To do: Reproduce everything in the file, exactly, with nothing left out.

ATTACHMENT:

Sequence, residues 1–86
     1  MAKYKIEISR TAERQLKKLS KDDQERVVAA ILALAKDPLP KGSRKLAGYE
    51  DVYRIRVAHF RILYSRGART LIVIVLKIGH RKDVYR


Sequence, residues 1–86
     1  MAKYKIEISR TAERQLKKLS KDDQERVVAA ILALAKDPLP KGSRKLAGYE
    51  DVYRIRVAHF RILYSRGART LIVIVLKIGH RKDVYR